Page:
Friday, March 9, 2012
The Bloggers conference was a glorious excuse to visit L.A. at the end of February. Daughter number 2 and I arrived early to see some of our favorite haunts. The highlight was visiting Hutton and Ruth Wilkinson's new masterful Hollywood Regency Palazzo, Casa Contessa. It is next door to Tony Duquette's iconic Dawn Ridge which Hutton uses as a design studio for his fabulous jewels and his HSN reproductions.
The railings are exquisite.
The dramatic entry hall with shimmering floors, mirrors and jewel tone colors transports us into Hutton's exotic fantasy, which he jokingly calls his attempt at minimalism. The lighting schemes are pure genius belying his theatrical background with Duquette, his business partner of many years, who passed in 1999.
The house soars and opens upon itself. Looking down from the entrance hall over the living room, we glimpse the sitting room and its occupants. Gold leaf inset panels glow in the afternoon California sunshine. Contrasting antique chinoiserie vases and accessories punctuate the space, creating rhythm and balance throughout. Royal animal patterns repeat throughout this pasha's lair. But... I certainly don't want to leave out the Contessa, Ruth, Hutton's wife and collaborator of 35 years. She keeps the wheels from falling off of a madly creative operation.
From the outside looking in, the bloggerati mingle over tea and nibbles honoring Ronda Carman. The shimmering black marble floors extend to the infinity edge pool cascading down into an Indonesian fantasy garden with multiple levels of pavilions, terraces, sculpture and follies.
At the bottom of the little valley on the property, is an enchanting signature coral and malachite refuge. At first, Hutton only had one set of the three door openings, but they were wide enough to split, so he could terrace a two story folly into the hillside.
Hutton's Koi are very spoiled and don't like to forage, so he is giving them their afternoon tea.
Looking up from the pond at Dawnridge
A Tony Duquette sculpture.
Tony Duquette endured several fires to his warehouse and ranch, so a great motif within his work was the phoenix egg rising from the flames, in this case the double entendre of angel wings as sun rays. The Europeans were so enamored by Duquette, he was the first American to give a solo exhibit at the Louvre.
Wisteria colored glass cascades down from the trees, in a "More is More"
Tony Duquette nod. It is all fantasy, baroque and a never ending canvas of beauty.
A profound blackamoor bust frowns in the jungle, giving us pause and contrast with his eternal travails. Blackamoor's were highly popularized by Frances Elkins who defined the Hollywood regency aesthetic with Tony Duquette, Elsie de Wolfe aka--the Lady Mendl, Billy Haines and Dorothy Draper. Moving back into the house for our own tea, we take a lesson from the greatest living heir to this oeuvre.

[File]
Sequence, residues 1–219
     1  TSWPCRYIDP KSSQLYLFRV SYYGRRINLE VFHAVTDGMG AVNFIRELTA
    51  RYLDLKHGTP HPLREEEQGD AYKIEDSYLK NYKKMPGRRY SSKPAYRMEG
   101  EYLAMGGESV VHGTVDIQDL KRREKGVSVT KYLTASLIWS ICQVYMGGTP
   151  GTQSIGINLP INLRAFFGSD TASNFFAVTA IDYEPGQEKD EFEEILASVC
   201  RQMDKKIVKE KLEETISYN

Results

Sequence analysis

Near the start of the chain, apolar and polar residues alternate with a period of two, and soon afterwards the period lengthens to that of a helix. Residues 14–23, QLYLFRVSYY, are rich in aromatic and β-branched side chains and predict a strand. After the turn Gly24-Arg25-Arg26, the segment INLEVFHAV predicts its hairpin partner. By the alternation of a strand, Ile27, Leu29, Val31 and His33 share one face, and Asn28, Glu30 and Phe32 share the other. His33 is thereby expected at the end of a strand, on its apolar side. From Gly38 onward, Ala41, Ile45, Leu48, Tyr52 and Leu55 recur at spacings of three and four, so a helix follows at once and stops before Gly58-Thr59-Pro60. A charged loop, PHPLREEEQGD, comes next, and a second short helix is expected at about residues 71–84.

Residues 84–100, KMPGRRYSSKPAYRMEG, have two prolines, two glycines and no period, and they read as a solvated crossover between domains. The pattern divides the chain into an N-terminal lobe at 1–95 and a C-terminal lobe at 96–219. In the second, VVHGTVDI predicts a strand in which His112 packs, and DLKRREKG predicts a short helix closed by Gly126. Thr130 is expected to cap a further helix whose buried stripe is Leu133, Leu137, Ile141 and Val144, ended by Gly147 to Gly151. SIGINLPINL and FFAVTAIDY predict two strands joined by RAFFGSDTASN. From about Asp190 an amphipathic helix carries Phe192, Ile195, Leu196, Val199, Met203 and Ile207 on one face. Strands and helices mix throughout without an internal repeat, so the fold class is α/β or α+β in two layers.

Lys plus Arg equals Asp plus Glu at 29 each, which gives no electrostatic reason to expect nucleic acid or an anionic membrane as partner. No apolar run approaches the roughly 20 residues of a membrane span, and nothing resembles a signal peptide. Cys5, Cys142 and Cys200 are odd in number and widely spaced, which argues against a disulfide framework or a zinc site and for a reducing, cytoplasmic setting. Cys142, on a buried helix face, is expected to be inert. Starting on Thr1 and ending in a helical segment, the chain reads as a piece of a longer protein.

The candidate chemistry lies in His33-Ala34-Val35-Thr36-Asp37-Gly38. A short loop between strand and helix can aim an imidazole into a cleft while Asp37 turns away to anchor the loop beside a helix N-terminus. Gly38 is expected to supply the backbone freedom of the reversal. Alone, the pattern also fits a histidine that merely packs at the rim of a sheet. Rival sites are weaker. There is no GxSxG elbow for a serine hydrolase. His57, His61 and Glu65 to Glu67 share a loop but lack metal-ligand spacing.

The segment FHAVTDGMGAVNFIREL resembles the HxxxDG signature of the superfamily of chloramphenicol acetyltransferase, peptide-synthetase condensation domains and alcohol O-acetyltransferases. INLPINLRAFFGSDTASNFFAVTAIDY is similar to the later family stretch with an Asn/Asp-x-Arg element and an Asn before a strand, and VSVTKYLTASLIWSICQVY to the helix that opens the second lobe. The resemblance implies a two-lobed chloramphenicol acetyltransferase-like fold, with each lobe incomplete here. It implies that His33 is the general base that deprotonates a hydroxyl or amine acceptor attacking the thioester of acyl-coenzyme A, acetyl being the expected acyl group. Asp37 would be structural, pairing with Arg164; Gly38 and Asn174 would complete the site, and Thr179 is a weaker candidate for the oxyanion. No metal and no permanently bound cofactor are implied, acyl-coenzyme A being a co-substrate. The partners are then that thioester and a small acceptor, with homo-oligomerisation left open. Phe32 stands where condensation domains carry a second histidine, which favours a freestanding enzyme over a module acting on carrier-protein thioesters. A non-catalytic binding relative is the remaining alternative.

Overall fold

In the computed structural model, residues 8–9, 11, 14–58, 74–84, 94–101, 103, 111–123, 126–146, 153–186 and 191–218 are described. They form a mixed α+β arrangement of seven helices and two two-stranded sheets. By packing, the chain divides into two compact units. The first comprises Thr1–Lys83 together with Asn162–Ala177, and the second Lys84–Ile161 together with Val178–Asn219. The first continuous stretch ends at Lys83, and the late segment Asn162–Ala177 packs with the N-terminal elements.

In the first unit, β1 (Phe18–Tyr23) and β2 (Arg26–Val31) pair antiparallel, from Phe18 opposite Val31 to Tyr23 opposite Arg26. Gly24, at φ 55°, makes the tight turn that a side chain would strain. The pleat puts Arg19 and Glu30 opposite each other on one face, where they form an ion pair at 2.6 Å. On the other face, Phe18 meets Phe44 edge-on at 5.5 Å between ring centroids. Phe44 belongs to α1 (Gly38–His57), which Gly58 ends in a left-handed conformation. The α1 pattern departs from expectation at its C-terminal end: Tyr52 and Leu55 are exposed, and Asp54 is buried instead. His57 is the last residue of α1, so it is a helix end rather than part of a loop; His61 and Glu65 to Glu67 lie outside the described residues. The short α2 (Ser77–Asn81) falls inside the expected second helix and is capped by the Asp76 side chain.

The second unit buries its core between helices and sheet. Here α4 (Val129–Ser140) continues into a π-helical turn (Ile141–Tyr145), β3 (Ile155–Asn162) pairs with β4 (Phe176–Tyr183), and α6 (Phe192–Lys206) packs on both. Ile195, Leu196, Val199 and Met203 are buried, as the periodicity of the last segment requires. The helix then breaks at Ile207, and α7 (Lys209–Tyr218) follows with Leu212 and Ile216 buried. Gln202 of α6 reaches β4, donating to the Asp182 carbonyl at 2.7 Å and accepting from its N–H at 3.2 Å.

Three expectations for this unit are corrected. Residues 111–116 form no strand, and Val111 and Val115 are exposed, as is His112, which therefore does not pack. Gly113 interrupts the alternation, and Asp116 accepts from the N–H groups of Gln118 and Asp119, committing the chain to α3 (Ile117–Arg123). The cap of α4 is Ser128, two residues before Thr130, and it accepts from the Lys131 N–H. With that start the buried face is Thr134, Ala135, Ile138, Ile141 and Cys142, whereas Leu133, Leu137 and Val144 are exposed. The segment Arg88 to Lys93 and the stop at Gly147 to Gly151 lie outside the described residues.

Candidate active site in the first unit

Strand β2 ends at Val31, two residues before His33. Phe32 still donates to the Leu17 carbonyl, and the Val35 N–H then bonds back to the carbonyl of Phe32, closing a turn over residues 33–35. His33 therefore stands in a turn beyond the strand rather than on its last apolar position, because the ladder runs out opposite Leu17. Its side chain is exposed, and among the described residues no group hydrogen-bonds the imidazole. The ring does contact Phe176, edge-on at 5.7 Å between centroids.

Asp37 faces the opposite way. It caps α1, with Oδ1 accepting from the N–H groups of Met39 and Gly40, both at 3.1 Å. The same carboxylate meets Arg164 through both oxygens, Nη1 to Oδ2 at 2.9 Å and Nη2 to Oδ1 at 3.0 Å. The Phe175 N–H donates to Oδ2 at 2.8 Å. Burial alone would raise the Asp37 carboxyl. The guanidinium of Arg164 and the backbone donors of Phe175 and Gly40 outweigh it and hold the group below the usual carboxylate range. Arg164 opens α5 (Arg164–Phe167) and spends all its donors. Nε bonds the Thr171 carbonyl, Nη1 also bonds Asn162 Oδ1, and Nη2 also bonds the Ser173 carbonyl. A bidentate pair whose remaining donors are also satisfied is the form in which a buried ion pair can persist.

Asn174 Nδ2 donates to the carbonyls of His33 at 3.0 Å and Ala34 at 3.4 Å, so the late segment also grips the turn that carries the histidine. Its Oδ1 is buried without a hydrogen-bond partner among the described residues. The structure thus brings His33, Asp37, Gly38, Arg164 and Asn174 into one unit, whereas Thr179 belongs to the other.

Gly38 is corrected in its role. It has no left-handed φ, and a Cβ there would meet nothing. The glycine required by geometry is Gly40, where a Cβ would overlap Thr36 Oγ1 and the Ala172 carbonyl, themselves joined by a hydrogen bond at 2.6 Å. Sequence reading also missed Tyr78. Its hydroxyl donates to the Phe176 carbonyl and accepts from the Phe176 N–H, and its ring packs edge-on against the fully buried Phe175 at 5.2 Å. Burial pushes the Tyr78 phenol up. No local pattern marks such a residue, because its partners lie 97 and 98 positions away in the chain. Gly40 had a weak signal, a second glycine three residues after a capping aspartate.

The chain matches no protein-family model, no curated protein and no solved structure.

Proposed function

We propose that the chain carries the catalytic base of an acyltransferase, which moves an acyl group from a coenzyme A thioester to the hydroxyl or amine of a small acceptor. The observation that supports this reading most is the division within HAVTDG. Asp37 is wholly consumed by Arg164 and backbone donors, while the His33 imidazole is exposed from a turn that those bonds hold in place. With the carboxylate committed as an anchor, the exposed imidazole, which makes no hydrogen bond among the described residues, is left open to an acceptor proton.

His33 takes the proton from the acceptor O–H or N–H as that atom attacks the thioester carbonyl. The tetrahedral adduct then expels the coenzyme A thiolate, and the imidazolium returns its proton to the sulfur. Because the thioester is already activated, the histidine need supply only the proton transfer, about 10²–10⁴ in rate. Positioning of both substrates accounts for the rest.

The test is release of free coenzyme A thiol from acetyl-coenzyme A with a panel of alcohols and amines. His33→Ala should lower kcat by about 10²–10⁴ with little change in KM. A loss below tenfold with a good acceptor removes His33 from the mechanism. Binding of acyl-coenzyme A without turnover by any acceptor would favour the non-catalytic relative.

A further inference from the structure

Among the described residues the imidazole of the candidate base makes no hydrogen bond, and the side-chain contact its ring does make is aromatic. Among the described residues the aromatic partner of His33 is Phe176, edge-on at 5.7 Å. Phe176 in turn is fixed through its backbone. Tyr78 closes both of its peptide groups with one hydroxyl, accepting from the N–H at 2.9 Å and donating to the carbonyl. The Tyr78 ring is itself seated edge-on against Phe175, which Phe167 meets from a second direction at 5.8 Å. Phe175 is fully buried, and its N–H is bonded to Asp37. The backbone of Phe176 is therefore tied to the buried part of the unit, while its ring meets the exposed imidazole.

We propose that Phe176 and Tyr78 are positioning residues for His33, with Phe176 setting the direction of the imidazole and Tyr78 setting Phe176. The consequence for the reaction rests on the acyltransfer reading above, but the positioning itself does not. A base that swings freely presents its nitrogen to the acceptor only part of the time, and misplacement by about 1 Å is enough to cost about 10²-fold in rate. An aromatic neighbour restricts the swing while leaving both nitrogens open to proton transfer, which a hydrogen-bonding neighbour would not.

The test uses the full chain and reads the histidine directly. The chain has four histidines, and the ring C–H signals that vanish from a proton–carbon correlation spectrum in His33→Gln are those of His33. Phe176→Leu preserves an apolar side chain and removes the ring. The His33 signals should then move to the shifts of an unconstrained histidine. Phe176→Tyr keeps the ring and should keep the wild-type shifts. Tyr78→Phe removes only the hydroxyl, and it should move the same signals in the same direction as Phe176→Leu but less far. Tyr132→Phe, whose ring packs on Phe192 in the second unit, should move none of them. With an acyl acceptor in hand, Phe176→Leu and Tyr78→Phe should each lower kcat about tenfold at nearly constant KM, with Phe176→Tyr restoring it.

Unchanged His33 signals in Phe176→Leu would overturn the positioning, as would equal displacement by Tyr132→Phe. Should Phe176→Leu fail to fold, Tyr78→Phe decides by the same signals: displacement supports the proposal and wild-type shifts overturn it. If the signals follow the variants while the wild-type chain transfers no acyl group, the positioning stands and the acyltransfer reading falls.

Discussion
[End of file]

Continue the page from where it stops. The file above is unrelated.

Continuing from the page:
I was struggling with the light for this photograph, and I will say Harper's Bazaar does greater justice to the most gorgeous home in Beverly Hills, if you ask little me. Hutton's Jim Thompson, Tony Duquette fabrics are knock out.
via Harper's Bazaar
The 4th Count and Countess Alastaya. Forget Downton Abbey, we really need a Hutton Wilkinson design series to capture his crackling repartee and creative energy. The Venetian paintings scattered throughout the house were purchased by Duquette in the 1940's from the Baroness Catherine D'Erlanger. I would like to go back in time and do a little shopping!
via Harper's Bazaar
Four fabulous blackamoors from the Dodie Rosekrantz estate guard the four corners of the main reception room. Click this link at your own peril, I've been savoring the swag for ages.
Close up detail of Atillio Codognato center piece with eight palm candlesticks. Note the chic black candles.
Hutton Wilkinson's Remains lighting fixtures are worth a visit, not to mention his Baker Furniture line. My next project is to paint my dining room chairs. The mural which extends up the entire 3 floors depicts The Wilkinson's in Venice.
I wish I had taken a moment to peruse Hutton and Ruth's book shelves.
via Harper's Baazar
A sumptuous bed worthy of a Count and Countess.
Back downstairs again, this is an intimate sitting room, at the end of the entrance hall, flanking the great room directly opposite the dining room. Wilkinson keeps the house harmonious and open using repetitive elements in color, pattern and art. Note, this is the same sofa as he uses in the main reception room. And last but not least, here is a glimpse at Casa Conti, where I stayed for one glorious night.
I envied myself
The good news is that you can rent it!
All the paintings are by Elizabeth Duquette
If you would like to purchase any of
Hutton Wilkinson for Tony Duquette
Please Call Us at:
Thank You Hutton and Ruth for your divine hospitality
and introducing me to the Sunset Tower Hotel's truffled
macaroni and cheese!